For Snigda Narisetty, a mix of cultures can be more fun than just one


Here, Narisetty is all dressed up and ready for an awesome night of fun with friends and family. Photo by Sunil Narisetty.

Rawan Alsaedi, Journalism 1 Staff

Junior Snigda Narisetty knows that she is different from most of her peers and other people around her. There are many reasons as to why Narisetty is different, and it’s a reason that makes her feel very special and lucky: her personality is a mix of two cultures, and she takes advantage of that to learn more and participate more fully in each.

Narisetty moved to the US when she was just 3 years old. Although at home she still upholds her culture and language, some of it is lost. She was born in India in 2001, in a town called Suryapet, and moved to a small town in England called Sandwich a year later.

Although she has lived in three different countries, most of her life is centered here in Portage.  Having left India at a very young age and living in two other countries, Narisetty’s traditions are different from those of others around her. Her personality is a mix of the American and the Indian ways of life. She loves celebrating her culture and traditions, as well as interacting with cultures that are not her own.

One of Narisetty’s favorite things about her culture is the fancy clothing. Narisetty loves dressing up in all the fancy jewelry. “Sometimes it’s tedious to dress up all fancy but nevertheless it’s fun and makes for great pictures,” she says. Of course, fancy dresses require somewhere fancy to wear them, and the Indian Association of Kalamazoo (IAK) has made that possible by organizing events within the community where everyone has a chance to participate.

Even though Narisetty comes from a Catholic family, a lot of her friends that she grew up around are Hindu, and they celebrate their Hindu holidays. Narisetty usually takes part in these events and participates with her friends for the fun. “For me, it’s not a matter of religion but one of culture. These holidays are not just Hindu holidays, many parents grew up celebrating them as well and it’s another way for me to hold on to traditions,” Narisetty says.

Right now, an upcoming event is Diwali, which is the Hindu festival of lights. This year it is going to be on November 7th, and Narisetty is very excited about it because she and her friends participate every year. “I love dancing so much, and now that I don’t do Bharatanatyam, a classical Indian dance, I don’t have many chances to perform and Diwali is the one night a year I can,” Narisetty says.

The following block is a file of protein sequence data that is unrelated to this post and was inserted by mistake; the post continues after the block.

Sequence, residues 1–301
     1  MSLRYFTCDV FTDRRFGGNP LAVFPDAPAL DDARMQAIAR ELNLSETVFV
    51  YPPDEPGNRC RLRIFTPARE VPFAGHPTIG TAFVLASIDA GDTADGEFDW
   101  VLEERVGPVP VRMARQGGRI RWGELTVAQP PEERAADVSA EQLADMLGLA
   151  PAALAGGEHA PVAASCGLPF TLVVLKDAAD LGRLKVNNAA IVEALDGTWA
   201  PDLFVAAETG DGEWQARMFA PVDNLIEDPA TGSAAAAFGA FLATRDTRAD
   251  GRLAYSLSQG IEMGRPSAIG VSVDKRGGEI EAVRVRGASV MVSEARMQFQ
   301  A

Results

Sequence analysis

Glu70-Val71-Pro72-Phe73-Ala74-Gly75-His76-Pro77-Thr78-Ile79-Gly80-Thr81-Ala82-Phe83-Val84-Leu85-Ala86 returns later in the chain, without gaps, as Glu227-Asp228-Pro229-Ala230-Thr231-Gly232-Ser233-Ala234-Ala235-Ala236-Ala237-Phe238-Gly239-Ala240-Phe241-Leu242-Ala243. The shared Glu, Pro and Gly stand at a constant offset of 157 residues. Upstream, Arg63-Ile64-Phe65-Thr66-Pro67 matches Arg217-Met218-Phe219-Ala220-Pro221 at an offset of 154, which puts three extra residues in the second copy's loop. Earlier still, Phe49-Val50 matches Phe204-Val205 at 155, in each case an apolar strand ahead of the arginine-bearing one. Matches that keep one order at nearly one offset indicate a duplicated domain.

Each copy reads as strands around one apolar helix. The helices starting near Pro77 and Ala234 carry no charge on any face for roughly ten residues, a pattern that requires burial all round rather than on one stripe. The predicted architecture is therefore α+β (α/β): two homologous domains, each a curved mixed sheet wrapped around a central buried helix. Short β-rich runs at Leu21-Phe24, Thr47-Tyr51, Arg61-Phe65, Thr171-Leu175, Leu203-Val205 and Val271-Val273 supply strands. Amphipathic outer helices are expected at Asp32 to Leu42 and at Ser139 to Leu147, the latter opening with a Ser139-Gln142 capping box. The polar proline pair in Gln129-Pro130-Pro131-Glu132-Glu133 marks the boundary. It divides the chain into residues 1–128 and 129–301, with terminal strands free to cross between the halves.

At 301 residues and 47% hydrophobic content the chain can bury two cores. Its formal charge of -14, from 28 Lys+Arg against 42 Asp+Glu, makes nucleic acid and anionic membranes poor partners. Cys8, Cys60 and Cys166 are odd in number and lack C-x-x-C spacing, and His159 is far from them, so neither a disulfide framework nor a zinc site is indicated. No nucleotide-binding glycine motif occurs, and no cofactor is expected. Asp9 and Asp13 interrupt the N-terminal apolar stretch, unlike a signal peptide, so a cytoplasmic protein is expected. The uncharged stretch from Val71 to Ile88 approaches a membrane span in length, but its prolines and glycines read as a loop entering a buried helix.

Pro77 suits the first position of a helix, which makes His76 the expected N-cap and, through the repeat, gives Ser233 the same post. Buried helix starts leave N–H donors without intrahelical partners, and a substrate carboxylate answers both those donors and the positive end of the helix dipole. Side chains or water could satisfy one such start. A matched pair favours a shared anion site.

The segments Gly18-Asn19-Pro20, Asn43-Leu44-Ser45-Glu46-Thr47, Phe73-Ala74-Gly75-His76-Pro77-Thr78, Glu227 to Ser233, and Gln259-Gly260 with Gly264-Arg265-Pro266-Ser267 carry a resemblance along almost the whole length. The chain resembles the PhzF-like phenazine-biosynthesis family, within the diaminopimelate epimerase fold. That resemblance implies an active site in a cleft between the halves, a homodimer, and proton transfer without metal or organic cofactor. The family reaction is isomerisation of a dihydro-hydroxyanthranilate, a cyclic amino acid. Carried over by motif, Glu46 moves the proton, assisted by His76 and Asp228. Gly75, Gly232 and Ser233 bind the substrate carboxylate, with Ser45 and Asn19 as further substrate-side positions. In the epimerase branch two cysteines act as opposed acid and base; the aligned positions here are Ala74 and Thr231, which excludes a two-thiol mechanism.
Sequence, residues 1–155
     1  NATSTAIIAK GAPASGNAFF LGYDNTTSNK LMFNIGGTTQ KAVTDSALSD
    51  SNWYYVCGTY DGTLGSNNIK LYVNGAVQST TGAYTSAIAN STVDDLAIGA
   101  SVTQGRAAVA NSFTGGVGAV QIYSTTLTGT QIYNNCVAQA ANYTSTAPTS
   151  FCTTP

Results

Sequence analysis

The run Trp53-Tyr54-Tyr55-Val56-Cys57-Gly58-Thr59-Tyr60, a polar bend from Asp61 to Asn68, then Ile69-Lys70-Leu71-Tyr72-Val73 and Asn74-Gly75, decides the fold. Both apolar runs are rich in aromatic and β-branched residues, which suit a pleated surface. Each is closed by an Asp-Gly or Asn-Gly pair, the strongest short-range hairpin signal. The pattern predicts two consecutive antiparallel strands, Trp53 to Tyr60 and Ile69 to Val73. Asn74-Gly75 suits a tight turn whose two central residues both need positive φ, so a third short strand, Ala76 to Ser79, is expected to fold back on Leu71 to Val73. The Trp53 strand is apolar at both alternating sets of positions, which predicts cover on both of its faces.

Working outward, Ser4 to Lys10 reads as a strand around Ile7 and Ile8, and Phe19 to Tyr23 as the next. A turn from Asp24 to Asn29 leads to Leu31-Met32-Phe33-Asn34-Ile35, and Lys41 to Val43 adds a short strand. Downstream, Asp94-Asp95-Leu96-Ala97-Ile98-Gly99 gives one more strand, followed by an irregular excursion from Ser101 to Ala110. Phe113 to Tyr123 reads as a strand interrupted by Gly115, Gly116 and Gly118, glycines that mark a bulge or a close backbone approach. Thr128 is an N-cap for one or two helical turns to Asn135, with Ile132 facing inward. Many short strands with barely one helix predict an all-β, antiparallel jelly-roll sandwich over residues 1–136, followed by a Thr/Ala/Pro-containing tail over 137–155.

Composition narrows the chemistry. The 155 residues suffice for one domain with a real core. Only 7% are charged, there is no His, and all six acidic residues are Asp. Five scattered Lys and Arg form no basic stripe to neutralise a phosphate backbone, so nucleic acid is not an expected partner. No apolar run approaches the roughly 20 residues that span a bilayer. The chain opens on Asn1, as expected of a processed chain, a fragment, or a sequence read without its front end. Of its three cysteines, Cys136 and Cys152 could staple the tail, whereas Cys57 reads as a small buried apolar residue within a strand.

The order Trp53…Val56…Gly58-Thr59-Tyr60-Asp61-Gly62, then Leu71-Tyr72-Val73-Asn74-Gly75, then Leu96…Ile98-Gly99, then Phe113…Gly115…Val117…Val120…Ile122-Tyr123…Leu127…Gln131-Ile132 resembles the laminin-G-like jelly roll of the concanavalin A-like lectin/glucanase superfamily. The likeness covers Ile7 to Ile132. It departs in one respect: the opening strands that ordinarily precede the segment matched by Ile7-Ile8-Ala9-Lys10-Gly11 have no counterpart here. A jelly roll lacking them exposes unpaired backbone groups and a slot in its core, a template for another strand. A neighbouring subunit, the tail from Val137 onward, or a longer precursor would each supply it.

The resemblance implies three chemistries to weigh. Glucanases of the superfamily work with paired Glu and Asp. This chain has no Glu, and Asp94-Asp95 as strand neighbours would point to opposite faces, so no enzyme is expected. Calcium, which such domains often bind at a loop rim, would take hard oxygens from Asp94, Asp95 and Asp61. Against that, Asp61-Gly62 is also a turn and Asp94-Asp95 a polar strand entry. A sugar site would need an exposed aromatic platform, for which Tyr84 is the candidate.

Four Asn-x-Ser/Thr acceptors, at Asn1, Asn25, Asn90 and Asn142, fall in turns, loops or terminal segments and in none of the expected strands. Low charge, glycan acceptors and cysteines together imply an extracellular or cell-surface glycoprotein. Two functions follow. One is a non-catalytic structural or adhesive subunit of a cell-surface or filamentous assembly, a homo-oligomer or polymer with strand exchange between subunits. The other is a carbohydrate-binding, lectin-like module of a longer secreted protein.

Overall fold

Every year, the Narisetty family attends the events in the community and there they meet all their friends that have almost become family after all the years living in Portage together. “Portage is a home away from home and the Indian community itself is very diverse and includes many of the different religions and cultures that stem from India,”  says her father, Sunil Narisetty.

Another big part of the Indian culture is the food, because each region in India has its own style of cooking and distinct flavors. The south, where Narisetty is from, is known for hot and spicy foods like dhal, biryani, and bajji. One of the dishes that Narisetty likes is bajji, which is a large stuffed chili pepper coated in batter and fried. Her all-time favorite dish is hyderabadi biryani, a mouthwatering and authentic dish with succulent chicken in layers of fluffy rice, fragrant spices and caramelized onions.

Unlike her older sister Susmitha Narisetty, who had time to learn the language, Narisetty moved out of India at a very young age and she didn’t get a chance to learn Telugu at all. She now can understand it and speak it, but has a difficulty reading and writing it. Even though Susmitha Narisetty lost a lot of the Telugu too and completely lost the Hindi, she had learned at home and spoke fluently, she can still somewhat read and write Telugu, and Narisetty hopes to achieve that too.

Snigda appreciates taking part in the Indian as well as the American traditions, and her goal is to learn more about the two cultures in  the years to come.